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Final Week Of Lean December Challenge 2016- Success!

I Completed My Personal Spending Challenge For December 2016

I am impressed, didn’t think I could pull it off, I ended December with spending less than $1,500 which was well below my goal of spending less than $2,000. This is the least amount of money I have spent since college, which I graduated in 2001. My lean December challenge 2016 was a success.

This post will be an overview of my expenses, my financial goals and looking at income/spending form a wider perspective. I don’t want to make it just about the money – that’s not at all what this challenge was about.

My Spending For December 2016

The reason I set this challenge for myself was because the majority of my spending is driven by emotional factors.
I spend when I’m anxious.
When I feel that tinge of emptiness.
When I want to create a little excitement.
When I feel lonely.
When I’m stressed.

It’s not about the exact dollar figures, it’s about creating a system that’s sustainable. If I had an entrepreneurial mind and could generate millions of income every year then I could probably spent around $300k a year and still be financially independent and feel free.

By getting my spending down from my monthly average of $3,370 (see below) down to $1,500, I am able to buy more time. Why? Because time=money. In order to generate the extra $1,800 a month, I would have to work more. I choose free time over work.

My December Spending Breakdown

I have 10 categories listed above, those are the ones I use in my YNAB budgeting software. I used to have a lot more categories, which was helpful because I needed to know exactly where my money was going. I have since dwindled it down to these 10.

But looking at it closely, I am really spending on 4 main categories:

  • Housing (HOA, tax, insurance, maintenance)
  • Food (groceries, dining out)
  • Entertainment (sports, liquor, socializing, tech, clothes)
  • Health (dental, medical, exercise)

I spend very reasonably when it comes to housing. My grocery expenses are fairly low with slight room for improvement. I am fortunate that I’m healthy so I don’t have a whole of expenses in the health department. It’s really the entertainment category where I can create the most amount of wiggle-room.

SIMPLIFYING The Budget Even More

What I learned from this month of lean spending is that I can lower my expenses quite a bit, by over a half, without affecting my quality of life. Yes, I have to be more cognizant of my spending, but I don’t have to trade my quality of life in order to do so.

To make budgeting easier I could dwindle down my spending categories to just 2, elective and necessary.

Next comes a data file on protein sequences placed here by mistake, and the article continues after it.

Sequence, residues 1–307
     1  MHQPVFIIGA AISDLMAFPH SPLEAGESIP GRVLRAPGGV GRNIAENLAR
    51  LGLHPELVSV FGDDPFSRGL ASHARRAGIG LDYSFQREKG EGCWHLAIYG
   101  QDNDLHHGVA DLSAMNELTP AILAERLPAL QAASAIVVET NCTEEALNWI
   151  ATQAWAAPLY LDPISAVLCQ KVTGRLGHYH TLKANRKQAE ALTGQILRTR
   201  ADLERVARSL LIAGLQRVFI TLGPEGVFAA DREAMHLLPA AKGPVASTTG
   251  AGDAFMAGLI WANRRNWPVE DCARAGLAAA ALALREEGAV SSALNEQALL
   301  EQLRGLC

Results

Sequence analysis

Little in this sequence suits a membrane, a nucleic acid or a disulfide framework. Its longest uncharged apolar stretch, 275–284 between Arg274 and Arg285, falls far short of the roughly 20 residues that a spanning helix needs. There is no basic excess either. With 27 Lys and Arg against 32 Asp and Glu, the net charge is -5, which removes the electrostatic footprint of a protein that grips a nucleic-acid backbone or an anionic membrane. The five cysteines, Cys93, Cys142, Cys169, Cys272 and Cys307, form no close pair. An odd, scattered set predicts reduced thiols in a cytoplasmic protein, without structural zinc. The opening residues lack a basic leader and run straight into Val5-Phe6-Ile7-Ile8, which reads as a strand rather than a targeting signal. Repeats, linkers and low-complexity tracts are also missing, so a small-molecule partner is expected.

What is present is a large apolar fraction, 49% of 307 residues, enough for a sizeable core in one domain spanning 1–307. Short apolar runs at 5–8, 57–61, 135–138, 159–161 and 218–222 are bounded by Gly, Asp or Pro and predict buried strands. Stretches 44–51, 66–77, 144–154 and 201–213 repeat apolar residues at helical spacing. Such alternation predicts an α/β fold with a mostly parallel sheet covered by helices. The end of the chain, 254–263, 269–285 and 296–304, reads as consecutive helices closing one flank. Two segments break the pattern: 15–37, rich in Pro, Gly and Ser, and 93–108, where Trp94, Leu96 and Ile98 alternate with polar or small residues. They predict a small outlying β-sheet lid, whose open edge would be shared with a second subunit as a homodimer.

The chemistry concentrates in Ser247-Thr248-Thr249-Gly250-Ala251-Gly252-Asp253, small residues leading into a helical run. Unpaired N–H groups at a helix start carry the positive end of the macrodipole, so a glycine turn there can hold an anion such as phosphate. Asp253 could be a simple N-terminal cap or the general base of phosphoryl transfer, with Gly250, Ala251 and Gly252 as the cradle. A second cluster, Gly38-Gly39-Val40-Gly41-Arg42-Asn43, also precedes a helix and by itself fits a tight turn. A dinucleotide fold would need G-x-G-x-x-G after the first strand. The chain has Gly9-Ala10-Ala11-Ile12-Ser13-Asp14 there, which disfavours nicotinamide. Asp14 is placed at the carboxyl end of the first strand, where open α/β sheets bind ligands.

Necessary would be housing, food and health.
Elective would be entertainment.

If I focus my goals on generating assets that will make enough income to cover my necessary expenses then everything else is easy. I simply work enough to create income for my entertainment.

The Mindset Of Earning To Have Fun

That’s what it is, right? Imagine you go to work, you have a 10-hour shift. Your colleague bitches and says “Damn it, I gotta work this shift, it sucks, I’d rather be at home relaxing, but I need it to pay for the house, student loans and car!”

You on the other hand are working that shift because you want to pay for a new hot-tub, a vacation later in the year and some spending money to go skiing. You might even pick up some extra shifts so that you and your partner can dine out more the next few months.

I worked 114 hours at my Kaiser Permanente job this month. It’s a lot, not necessary for someone who is financially independent. I also worked about 20 hours with Remedy and 15 for JustAnswer. In total I had a take-home income of a little over $10k.

This income is going straight to my entertainment category. Not because I am going to go buy a $5k watch, a $2k bicycle, a $1k pair of shoes or spend $4k on a vacation overseas. Instead, it’s money that’s going to my entertainment fund for the entire year of 2017.

Furthermore, as a former workaholic, I’m slowly transitioning off of work instead of cutting the cord completely – which I tried, and failed.

My Spending For All Of 2016

As my own CEO and CFO, I ran the numbers for Dr. Mo’s lifestyle for all of 2016. It looks like I came in a smidgen above $40k. I encourage everyone to be their own financial adviser, their own tax attorney, their own CPA and most definitely for everyone to be the CEO of their life.

I spent a good deal on nice, new furniture. I simply didn’t have the creativity to acquire used ones. I spent $6k on entertainment. I live in an age when entertainment is given away for free just so that companies can advertise to us, yet I wasn’t able to capitalize on that.

I spent a lot on eating out and socializing with friends and I spent nearly $3k on traveling and taking vacations.